I know, I know, not the typical girls’ trip to Vegas. But I suppose we’re not your typical girls. We did manage to pull an all-nighter and do the “walk of shame” the next morning, but that all-nighter involved a midnight half marathon and the walk of shame was us in our gross running gear.
The trip was not cheap, with flights and hotel rooms, but we found a great price for a three bedroom suite. Of course, while we each paid for our own airfare and typically were able to have the checks from meals split up, the hotel was all put on one credit card and then divided up.
When Things Go Right
Because I was one of the first to arrive, I put the charge on my credit card. Ouch! But thankfully, I have great friends who immediately paid up when we got the bill. No questions asked, everyone just wrote a check or sent me the money via PayPal. During the one meal where we weren’t able to split the bill, everyone just tossed in cash without question. We actually ended up with way more money on the table than needed, even with a 20% tip.
I’m lucky that I have a group of friends who so willingly pay their portion. Unfortunately, that’s not the case with everyone, and friends and money can be a tough combination.
Friends and Money: When Things Go Wrong
I’m sure we’ve all been out to dinner where, when it’s time to pay the bill, everyone throws in their money, including tip, and the end amount is still low. As typically happens, everyone throws in more money, so the majority of the group has overpaid, while someone (who you can’t always pick out) has clearly not paid their portion.
I’ve also heard people argue when splitting hotel rooms. Let’s say that there are three of us sharing a hotel room with two double beds. That means two people share the bed. At the end of the trip, how is the bill divided up? In my opinion, it’s divided by three. Others would argue that it should be divided so that the person who had their own bed pays half while the other two pay one quarter each. After all, they used less sleeping space. Personally, I think that’s ridiculous – you’ve still had to split the bathroom by three and the living space by three. (Of course, if I’m sharing with people who I know have much tighter finances, I’ll argue to pay half. It’s the nice thing to do.)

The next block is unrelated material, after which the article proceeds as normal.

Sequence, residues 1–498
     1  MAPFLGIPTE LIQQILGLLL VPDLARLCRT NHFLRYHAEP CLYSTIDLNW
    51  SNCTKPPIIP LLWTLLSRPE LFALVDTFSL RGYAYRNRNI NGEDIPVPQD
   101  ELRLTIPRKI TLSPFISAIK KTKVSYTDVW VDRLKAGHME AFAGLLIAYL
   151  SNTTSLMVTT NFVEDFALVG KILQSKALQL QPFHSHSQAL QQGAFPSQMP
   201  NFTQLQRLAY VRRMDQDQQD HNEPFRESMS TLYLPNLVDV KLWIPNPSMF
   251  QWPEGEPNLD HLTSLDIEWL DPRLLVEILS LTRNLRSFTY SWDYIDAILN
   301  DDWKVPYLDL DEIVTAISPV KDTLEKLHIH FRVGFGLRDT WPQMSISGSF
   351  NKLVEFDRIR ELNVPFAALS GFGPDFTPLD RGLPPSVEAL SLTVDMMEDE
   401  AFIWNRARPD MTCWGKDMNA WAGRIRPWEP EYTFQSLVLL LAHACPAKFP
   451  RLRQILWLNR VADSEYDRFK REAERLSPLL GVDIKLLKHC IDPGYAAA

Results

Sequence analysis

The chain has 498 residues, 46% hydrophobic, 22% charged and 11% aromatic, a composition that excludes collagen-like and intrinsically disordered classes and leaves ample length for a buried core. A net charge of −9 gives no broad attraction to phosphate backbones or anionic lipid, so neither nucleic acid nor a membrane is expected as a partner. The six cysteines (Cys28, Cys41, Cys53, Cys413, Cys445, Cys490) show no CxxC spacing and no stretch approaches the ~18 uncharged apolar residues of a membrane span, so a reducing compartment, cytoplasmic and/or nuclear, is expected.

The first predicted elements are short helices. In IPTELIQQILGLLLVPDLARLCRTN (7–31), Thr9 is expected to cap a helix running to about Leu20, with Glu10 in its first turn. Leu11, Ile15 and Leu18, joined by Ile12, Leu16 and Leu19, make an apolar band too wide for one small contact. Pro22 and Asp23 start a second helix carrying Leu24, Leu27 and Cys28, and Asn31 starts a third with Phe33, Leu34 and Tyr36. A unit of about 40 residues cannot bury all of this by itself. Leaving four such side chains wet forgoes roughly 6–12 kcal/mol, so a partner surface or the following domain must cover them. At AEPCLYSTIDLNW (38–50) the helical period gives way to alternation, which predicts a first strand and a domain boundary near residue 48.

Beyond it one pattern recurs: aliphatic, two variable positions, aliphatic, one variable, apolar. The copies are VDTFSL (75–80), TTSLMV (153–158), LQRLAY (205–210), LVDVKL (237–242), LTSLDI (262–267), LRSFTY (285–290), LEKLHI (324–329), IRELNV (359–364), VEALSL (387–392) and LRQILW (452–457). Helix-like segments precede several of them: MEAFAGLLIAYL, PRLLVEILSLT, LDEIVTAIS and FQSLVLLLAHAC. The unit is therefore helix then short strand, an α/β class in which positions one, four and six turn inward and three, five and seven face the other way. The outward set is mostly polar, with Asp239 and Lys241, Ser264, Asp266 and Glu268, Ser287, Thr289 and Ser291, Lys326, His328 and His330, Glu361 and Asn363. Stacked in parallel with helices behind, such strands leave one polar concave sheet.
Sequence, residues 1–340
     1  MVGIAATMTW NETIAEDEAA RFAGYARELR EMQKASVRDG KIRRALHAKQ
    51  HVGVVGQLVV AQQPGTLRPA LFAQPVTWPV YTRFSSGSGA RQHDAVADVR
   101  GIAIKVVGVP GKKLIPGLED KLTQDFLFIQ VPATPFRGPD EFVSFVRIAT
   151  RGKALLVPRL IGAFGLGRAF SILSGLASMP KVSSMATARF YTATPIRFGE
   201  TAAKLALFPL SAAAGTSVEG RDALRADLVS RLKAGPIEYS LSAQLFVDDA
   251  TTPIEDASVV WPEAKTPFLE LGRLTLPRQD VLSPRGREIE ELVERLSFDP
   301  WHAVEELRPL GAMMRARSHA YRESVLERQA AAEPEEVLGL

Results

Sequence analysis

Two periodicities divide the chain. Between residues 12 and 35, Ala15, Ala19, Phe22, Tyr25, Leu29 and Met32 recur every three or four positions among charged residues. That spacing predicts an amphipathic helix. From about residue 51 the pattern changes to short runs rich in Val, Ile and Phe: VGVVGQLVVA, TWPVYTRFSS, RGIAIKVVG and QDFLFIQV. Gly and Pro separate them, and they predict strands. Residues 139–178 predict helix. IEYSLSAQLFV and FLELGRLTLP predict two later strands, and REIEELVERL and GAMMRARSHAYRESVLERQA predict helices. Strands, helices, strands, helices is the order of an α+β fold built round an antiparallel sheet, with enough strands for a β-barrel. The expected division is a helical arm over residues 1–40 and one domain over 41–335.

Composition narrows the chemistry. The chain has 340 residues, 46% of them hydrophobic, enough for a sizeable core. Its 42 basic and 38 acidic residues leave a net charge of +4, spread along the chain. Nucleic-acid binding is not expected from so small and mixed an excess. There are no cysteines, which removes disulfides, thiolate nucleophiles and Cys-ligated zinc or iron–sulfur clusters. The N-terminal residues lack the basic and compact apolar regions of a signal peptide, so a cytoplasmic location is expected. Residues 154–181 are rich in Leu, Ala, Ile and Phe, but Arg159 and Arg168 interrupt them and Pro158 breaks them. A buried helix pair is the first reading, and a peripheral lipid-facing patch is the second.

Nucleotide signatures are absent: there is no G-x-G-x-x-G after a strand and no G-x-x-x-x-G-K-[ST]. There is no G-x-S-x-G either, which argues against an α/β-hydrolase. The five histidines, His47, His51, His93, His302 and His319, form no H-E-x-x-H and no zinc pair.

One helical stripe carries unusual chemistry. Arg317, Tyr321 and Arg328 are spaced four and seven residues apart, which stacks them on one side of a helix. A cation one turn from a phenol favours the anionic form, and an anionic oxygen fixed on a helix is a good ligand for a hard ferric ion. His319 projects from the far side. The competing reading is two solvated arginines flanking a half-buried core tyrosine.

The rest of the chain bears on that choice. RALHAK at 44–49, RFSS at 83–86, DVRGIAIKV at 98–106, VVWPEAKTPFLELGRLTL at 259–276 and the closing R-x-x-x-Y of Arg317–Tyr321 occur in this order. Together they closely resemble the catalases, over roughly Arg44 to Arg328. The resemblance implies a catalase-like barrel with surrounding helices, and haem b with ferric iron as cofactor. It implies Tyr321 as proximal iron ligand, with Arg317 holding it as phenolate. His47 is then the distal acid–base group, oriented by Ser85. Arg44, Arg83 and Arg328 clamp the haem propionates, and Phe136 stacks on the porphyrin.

And sometimes, these complications as to who pays what can cause problems between friends. That’s part of the reason so many people argue that friends and finances shouldn’t mix. I disagree – had we not mixed finances and friendships, I would have missed out on an amazing trip this past weekend. But you just have to be aware of who you are mixing your money with.
Do you mix friendships and finances?
Photo Credit: Stock Images
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